The Book Thief:
- Zusak, Markus. (2006). The Book Thief. New York: Knopf an imprint of Random House Children's books, 550 pp.
- Genre: Fiction, Death and Dying
- Awards: Kirkus Award 2006, Booklist Editor's Choice 2006, Printz Award 2007, ALA Best Books for Young Adults 2007
Markus Zusak's The Book Thief is the story of a German family during WWII who have taken in an orphan, Liesel, and Jew, Max Vandenburg. The story is narrated by Death. While taking her brother's soul, Death notices Liesel and takes a particular interest in her. Liesel's mother, a communist, gives Liesel to the Hubermann family in order to protect her from Nazi persecution. After becoming an official member of the Huberman family, Liesel is introduced to Max Vandenburg. Hans Hubermann, Liesel's foster father, had his life saved by Max's father in WWI and has agreed to hide Max from the Nazis.
Zusak's writing brings this story alive with astounding clarity and an almost lyrical command of prose. The plot of the story illustrates both the value of diversity and the power of the human soul. The Hubermann house is a virtual haven for outcasts. Both Hans and Rosa Hubermann stand as examples of human virtue facing off against the horrific and inhumane nature of the Nazi party. This conflict is highlighted by the omniscient narration of Death acting as the ultimate and elevated purveyor of fatality, a role that is ever present in Nazi Germany.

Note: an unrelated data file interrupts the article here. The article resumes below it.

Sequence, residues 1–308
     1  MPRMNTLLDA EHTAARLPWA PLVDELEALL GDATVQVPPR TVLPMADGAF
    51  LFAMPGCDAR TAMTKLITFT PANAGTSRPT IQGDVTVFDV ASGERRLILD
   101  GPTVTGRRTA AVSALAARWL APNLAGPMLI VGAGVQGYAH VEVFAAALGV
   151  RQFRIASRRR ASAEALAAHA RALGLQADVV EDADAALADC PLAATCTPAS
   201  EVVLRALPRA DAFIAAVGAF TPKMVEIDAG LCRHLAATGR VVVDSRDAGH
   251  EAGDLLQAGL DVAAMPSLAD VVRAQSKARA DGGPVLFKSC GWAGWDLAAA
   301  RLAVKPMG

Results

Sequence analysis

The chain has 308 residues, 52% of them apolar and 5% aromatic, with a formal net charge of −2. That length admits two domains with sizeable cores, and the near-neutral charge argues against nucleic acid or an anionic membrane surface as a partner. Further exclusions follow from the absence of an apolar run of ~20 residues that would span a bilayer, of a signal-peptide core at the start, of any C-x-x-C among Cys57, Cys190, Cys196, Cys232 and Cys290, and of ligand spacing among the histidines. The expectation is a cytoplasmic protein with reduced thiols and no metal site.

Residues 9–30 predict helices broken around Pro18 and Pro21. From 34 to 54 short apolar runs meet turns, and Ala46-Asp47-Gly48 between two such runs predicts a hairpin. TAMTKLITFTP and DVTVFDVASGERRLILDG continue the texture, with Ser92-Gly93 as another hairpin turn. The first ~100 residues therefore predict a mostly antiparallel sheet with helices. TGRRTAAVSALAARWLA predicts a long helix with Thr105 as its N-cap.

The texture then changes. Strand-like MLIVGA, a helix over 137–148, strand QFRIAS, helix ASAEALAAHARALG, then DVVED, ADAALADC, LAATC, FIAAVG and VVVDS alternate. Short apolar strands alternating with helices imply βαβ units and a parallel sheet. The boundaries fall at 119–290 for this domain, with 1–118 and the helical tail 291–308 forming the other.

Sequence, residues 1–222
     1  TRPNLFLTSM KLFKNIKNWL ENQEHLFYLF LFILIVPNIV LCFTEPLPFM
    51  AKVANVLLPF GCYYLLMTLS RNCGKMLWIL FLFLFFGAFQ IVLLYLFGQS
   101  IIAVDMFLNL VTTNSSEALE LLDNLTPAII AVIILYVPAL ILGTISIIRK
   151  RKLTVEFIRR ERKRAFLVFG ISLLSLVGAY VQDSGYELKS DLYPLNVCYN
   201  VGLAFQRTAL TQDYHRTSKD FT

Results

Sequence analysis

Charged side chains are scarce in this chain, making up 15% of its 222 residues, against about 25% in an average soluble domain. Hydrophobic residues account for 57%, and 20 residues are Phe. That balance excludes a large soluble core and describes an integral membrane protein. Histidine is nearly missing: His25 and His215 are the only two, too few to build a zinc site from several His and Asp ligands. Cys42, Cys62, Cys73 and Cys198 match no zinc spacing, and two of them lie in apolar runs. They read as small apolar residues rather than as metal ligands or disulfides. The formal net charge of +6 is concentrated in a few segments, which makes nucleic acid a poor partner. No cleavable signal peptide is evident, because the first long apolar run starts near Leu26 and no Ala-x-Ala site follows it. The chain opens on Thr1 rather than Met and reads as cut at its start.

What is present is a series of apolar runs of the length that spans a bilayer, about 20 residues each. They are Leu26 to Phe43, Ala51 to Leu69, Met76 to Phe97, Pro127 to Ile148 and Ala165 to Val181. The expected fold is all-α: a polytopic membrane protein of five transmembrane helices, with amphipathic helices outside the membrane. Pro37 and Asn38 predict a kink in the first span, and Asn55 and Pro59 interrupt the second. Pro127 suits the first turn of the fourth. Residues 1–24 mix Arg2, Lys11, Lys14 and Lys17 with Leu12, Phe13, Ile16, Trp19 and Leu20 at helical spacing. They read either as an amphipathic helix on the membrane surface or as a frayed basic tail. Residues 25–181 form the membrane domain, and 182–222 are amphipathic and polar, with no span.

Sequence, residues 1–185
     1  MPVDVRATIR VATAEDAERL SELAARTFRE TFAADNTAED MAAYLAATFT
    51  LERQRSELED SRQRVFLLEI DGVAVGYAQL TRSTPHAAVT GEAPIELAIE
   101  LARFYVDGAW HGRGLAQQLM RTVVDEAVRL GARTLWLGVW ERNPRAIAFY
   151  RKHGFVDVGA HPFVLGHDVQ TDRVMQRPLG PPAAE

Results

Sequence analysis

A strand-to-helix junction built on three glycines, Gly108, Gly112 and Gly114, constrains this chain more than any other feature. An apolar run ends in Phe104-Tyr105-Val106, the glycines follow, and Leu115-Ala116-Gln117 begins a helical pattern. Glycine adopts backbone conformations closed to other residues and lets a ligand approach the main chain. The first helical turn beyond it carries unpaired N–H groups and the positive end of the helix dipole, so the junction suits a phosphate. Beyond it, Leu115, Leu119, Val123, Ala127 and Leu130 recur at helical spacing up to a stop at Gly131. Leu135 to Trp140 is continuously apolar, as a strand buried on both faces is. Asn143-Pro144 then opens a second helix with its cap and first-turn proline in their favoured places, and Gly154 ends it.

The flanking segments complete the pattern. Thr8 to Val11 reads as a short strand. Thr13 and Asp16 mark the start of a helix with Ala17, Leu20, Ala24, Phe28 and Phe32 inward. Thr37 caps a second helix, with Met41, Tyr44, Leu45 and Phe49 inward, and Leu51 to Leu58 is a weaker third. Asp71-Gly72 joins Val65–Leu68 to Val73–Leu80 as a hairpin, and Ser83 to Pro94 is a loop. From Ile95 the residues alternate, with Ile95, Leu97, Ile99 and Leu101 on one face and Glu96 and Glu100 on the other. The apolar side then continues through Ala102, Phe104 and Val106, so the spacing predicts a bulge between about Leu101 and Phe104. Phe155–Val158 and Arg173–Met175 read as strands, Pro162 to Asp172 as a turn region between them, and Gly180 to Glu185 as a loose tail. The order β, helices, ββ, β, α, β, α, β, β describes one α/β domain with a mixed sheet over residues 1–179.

The story is excellent for adolescent readership. Liesel who has many difficulties with reading and is frequently embarrassed by her shortcomings is a perfect protagonist for any nervous reader in the classroom. Additionally, her drive to get better at reading causes her to go to extremes in order to attain more books to read. This drive results in her becoming the book thief. In this story, books work as objects which Nazi's fear because they contain knowledge. This is an invaluable point to make to emerging readers in the classroom. It not only shows the importance of reading but also the immense power of knowledge.
This book is also important for adolescent readers because it addresses the importance of diversity in culture. One of the central issues of this story is the importance of understanding and acceptance. For example, Liesel sees herself in Max and Max's struggle to survive. Both characters have lost their birth parents and been adopted by the Hubermanns. This type of acceptance is an essential lesson for adolescents who might be tempted to label certain individuals or groups as outcasts. Additionally, it shows adolescents who might feel like outcasts that there is always someone who will accept them. Equality is further expounded by the fact that Death accepts everyone.
- Classroom Use: I would most likely use this novel as a read aloud. Its rich language rolls off the tongue and begs to be spoken. Additionally, the size of the book would make it a challenging read for many students' schedules and attention spans.
- Appropriate Age Range: As a read aloud, this book is appropriate for age 12 and above. Otherwise, it would most likely be appreciated more by 15 and above.
This is a beautiful story. It absolutely captured my imagination. While it is labeled as teen literature, I found its language and literary quality to escape any labels. The sheer weight of creativity contained in this book is unparalleled, and I am certain that this book will have an extensive shelf life.